Some of the best advice that stuck with me, while not the most original, went something like, “If I could do it all over again, I’d have traveled the world while I had the chance. Now, I’ve got a wife, kids, and a mortgage to pay.” This is exactly my thought process when I wake up in the morning. I turned twenty recently, and I’d rather not waste the potentially best years of my life. I’m in my best condition, both physically and mentally, right now.

I like to tell people that I’m moving to Paris next year. Now, I get to say I’m moving to Paris THIS year. Let the life-changing begin!

About the author:

Alexa Wybraniec is a journalism major at Rutgers University. She is going to be studying abroad in Paris at Sciences- Po for a year starting in the fall semester of 2014. Check back every Monday for a new post from Alexa. You can connect with her via Twitter.

  
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A French Christmas for All

By: Andrea Bouchaud

If you’re lucky enough to find yourself in Paris this Christmas or just want to have a French styled Christmas, check out the following links from some of the best Paris bloggers in 2013 to help you have a true, French Christmas.

Joyeux Noel!
-Gift Shopping with the French
-Ultimate Guide to French Christmas Food Shopping
-Ulimate Guide to French Christmas Gift Shopping
-A Guy’s Guide to Christmas Shopping in Paris
-French Christmas Food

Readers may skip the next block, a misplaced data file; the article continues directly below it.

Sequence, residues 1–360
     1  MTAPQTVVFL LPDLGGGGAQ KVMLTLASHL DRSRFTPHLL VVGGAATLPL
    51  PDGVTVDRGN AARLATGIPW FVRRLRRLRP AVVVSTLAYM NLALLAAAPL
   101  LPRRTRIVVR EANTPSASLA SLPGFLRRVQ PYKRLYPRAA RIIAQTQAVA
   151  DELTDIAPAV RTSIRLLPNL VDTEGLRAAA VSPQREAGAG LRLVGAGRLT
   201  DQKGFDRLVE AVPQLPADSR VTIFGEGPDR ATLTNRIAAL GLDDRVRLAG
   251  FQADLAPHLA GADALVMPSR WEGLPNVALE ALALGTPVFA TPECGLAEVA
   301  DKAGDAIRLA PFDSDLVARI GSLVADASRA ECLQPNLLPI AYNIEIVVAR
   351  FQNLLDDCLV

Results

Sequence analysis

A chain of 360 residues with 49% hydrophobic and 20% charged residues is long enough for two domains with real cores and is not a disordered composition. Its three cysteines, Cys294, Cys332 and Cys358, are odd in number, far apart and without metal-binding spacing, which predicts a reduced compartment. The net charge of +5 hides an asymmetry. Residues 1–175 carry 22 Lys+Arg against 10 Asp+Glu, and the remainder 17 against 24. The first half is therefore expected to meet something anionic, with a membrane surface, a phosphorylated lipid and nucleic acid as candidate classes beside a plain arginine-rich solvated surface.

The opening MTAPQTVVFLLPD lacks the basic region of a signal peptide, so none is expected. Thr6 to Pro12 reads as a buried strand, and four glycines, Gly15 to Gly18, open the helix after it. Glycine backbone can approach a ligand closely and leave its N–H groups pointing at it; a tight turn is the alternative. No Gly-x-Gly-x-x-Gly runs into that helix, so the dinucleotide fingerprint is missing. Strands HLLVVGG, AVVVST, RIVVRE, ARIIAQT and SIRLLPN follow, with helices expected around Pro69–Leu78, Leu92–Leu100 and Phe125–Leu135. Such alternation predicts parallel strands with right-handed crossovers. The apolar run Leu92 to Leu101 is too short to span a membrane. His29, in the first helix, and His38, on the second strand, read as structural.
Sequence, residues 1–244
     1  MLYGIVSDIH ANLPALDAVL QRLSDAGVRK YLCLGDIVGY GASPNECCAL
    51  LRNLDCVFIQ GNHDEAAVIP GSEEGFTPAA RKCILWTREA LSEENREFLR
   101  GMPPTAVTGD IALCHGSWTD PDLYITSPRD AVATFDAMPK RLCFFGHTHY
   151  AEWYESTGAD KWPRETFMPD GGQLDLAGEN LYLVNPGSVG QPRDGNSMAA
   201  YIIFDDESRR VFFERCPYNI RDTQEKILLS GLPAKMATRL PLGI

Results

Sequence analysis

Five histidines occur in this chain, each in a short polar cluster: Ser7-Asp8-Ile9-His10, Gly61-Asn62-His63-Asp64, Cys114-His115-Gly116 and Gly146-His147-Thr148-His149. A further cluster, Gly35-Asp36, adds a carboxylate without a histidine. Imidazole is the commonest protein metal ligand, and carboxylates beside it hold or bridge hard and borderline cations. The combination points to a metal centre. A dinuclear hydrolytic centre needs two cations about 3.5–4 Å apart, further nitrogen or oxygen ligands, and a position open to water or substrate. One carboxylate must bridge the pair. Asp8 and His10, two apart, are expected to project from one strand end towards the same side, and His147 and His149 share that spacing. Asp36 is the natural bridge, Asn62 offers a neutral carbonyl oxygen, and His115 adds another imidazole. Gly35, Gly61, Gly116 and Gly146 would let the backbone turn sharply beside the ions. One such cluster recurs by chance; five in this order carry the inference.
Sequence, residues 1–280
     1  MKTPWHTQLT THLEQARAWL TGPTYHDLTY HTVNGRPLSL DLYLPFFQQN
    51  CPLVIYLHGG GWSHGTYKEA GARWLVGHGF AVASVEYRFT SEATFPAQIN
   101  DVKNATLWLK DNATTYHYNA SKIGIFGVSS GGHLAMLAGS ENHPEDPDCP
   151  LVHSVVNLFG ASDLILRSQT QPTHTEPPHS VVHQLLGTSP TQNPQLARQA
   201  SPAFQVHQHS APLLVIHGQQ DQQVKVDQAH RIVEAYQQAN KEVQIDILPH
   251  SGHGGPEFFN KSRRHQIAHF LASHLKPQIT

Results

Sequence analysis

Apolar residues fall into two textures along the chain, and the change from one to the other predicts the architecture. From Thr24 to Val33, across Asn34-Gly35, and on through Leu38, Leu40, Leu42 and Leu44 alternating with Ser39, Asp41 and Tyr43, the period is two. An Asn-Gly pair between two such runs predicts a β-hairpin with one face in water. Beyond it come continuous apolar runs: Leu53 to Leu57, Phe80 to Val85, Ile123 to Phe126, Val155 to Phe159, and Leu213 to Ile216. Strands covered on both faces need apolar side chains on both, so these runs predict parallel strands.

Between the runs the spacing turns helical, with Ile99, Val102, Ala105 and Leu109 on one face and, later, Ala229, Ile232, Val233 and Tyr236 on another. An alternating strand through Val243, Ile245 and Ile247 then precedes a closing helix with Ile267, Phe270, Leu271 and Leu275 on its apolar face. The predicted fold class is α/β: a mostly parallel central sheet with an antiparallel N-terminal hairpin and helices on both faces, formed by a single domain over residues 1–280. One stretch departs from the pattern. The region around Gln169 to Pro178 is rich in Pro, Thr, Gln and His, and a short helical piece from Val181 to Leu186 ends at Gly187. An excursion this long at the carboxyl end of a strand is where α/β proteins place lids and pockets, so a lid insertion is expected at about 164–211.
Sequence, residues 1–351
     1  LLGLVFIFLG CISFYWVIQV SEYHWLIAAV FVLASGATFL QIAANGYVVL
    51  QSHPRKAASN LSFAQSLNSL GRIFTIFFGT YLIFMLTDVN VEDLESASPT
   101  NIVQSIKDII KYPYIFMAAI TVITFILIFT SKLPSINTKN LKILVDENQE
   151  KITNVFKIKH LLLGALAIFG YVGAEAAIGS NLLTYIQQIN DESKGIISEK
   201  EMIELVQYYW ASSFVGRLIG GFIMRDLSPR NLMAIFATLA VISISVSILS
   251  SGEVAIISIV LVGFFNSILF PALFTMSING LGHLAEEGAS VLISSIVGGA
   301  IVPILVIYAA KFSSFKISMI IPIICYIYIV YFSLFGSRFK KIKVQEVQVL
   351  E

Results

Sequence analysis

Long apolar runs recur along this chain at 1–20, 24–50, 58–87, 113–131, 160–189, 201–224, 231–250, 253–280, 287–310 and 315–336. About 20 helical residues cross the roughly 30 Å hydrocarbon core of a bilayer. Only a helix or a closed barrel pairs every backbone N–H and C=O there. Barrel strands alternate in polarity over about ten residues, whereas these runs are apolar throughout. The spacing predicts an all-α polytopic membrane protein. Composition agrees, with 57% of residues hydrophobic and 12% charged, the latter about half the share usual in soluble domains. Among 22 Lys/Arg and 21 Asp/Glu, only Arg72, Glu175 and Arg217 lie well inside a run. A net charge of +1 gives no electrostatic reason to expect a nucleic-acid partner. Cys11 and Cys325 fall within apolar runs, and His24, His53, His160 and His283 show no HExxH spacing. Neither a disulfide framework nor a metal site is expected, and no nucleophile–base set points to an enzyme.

-How to Wish Merry Christmas in French
-Comme Une Française Guide on French Christmas Gifts

-Comme Une Française Guide to French Christmas Dinner phrases
Another fun idea that I didn’t have a link for: Make your own Buche de Noel (A traditional French Christmas ‘log cake’). Look up recipes online and for tutorial videos on Youtube if no local French bakery near you. I got this idea from Dr. Elizabeth New Seitz from Dallas’ own French Affaires (www.frenchaffaires.com) newsletter.

Here’s what a Twenty in Paris Christmas looks like:

Twenty in Paris Christmas

Cdlt- Andrea

  
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Gifts to ask for Christmas When Going to Study Abroad

By: Andrea Bouchaud

(photo by: www.hdwallpaperstop.com)

Christmas is a great time to ask for practical gifts that will help you travel and live abroad easier. Maximize this holiday to help you better prepare for this upcoming experience by asking for gifts that will help you abroad. Let’s take a look at gifts to ask for from Santa if you’re studying abroad in the spring semester.

  • New, Sturdy Luggage and Luggage Tags. Studying abroad entails lots of traveling. Make sure that your items are secure and protected in a new, sturdy suitcase that can also expand (for souvenirs and new clothes you’ll buy abroad). In addition to new luggage, don’t forget about luggage tags. You want to make sure that you can easily identify your suitcase or get it back in case of a mix-up at the airport.